Shukriya Khanum, the first female commercial pilot of Pakistan, died on Sunday (14 May) after suffering from cancer for years. The 82-year-old breathed her last at a hospital in the city of Lahore.
Khanum made history when she was given a commercial pilot licence (CPL) in 1959, soon after her graduation from the city's Government College. However, the country's sole airline – Pakistan International Airlines (PIA) – did not allow women to fly commercial planes, which led to Khanum being given the job of flight instructor at PIA's training centre.
At the centre, she taught young cadets the CPL ground subjects. She also used to take flying enthusiasts on joy rides at Karachi Flying Club.
In the late 1970s, the military government of General Zia ul-Haq took over and a martial law was enforced. Zia was strictly against "the idea of a woman flying with a man together in the cockpit" and Khanum was barred from flying.
She was then restricted to work only as a ground instructor.
TV anchor Dr Shahid Masood, who is Shukriya Khanum's nephew, recalls his aunt telling him "I work with these men. Some of them are my students, others are colleagues and I spend a lot of time with them, so what is wrong in flying together? And there are stewardesses on board as well, so are they going to stop them too?'"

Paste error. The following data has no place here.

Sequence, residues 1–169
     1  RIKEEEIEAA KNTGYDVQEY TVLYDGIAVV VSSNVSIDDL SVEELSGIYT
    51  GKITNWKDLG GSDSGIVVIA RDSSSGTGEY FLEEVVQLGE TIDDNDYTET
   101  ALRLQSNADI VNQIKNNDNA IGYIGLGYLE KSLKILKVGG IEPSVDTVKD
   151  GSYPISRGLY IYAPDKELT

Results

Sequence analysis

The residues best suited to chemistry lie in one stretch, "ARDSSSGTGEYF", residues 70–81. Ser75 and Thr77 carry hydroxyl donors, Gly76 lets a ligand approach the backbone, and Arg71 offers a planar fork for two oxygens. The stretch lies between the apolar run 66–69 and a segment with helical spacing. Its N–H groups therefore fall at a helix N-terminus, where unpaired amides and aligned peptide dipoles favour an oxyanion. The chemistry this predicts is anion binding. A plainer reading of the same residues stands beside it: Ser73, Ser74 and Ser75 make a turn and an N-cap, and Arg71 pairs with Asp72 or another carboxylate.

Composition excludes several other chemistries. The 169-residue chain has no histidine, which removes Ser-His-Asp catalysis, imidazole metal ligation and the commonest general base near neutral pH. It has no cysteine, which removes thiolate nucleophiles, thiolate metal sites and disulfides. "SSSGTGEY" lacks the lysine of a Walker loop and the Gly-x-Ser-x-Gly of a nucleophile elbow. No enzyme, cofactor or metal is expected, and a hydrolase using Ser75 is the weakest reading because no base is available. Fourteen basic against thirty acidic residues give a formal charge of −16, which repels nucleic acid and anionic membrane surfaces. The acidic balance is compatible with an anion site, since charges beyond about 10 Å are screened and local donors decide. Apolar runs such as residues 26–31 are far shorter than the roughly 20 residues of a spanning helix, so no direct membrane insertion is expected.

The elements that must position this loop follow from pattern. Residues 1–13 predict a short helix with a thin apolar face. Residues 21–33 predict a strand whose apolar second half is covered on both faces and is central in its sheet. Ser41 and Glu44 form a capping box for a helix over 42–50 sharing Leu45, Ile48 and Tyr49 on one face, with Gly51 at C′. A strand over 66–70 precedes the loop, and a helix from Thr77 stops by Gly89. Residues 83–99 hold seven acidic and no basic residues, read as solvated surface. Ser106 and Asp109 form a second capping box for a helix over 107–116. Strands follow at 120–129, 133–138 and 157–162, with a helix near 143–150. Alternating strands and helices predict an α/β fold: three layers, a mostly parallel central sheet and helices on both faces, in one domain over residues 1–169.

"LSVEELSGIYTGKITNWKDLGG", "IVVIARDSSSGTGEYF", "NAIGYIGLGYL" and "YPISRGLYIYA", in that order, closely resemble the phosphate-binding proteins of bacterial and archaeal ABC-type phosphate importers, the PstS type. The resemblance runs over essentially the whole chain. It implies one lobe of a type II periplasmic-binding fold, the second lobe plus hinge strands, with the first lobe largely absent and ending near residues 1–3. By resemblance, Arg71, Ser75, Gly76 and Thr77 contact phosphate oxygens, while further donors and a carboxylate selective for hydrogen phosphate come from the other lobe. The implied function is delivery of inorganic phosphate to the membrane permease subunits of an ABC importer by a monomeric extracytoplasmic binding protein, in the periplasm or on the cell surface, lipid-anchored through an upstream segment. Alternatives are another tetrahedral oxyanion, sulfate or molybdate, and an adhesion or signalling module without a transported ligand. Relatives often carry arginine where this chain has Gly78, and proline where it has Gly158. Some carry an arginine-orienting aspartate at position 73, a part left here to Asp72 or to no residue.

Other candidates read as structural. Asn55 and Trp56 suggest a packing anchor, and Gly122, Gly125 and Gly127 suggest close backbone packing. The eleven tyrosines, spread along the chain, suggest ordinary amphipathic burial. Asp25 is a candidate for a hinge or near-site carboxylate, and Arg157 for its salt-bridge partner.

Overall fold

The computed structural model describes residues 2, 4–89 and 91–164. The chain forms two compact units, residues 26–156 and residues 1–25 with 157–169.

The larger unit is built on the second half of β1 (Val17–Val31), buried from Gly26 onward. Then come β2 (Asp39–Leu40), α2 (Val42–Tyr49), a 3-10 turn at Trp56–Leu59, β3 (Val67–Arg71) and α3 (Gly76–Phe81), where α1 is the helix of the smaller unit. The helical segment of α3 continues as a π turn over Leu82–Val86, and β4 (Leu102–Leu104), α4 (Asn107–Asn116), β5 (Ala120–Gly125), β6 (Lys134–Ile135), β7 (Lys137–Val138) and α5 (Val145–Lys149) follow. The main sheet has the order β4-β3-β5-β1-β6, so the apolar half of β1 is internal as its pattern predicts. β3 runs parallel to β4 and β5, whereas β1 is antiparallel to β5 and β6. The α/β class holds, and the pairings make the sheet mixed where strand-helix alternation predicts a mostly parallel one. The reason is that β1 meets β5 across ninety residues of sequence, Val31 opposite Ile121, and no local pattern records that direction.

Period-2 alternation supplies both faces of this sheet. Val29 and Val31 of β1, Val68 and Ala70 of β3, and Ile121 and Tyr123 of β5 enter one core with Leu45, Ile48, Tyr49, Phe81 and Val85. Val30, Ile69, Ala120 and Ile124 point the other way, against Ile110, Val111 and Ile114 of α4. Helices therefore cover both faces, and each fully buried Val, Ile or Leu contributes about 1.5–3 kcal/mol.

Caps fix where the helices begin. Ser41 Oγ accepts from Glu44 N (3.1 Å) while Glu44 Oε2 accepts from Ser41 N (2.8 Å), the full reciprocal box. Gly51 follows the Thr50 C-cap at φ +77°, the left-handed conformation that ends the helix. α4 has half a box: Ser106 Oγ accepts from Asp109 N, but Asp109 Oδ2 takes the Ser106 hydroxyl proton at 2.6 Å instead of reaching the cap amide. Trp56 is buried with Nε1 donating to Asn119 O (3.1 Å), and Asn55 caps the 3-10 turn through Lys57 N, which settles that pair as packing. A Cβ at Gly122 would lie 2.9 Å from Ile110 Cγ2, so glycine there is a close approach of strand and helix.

However, Khanum was not the only one who was the victim of patriarchy and male chauvinism. Two other women pilots – Ayesha Rabia and Maliha Sami – faced similar discrimination after taking the PIA pilot test in 1980.
But after the death of General Zia in 1989, situation changed and Rabia and Sami were called by PIA to attend formal pilot training.
"For nine years I waited, because rules did not allow women to fly," Rabia, who became the first female Pakistani captain of a commercial scheduled flight in 2005, told the BBC. She also recalled the time when she met Khanum in Karachi.
She said Khanum was happy to see her and also advised her "to focus on professionalism and never let anybody think that because you are a woman you cannot do that".
Qaiser Ansari, who was working as a flight instructor at a flying club in Rawalpindi, also recalled her and said "Shukriya throughout her life tried her best to prove that girls can do anything."
He also said that PIA had failed miserably by not giving her the status that she deserved.
Dr Masood also remembered his aunt as a "brave and bold woman and she belonged to an age that was more enlightened", who was not given the chance to took her dreams on air during her golden age.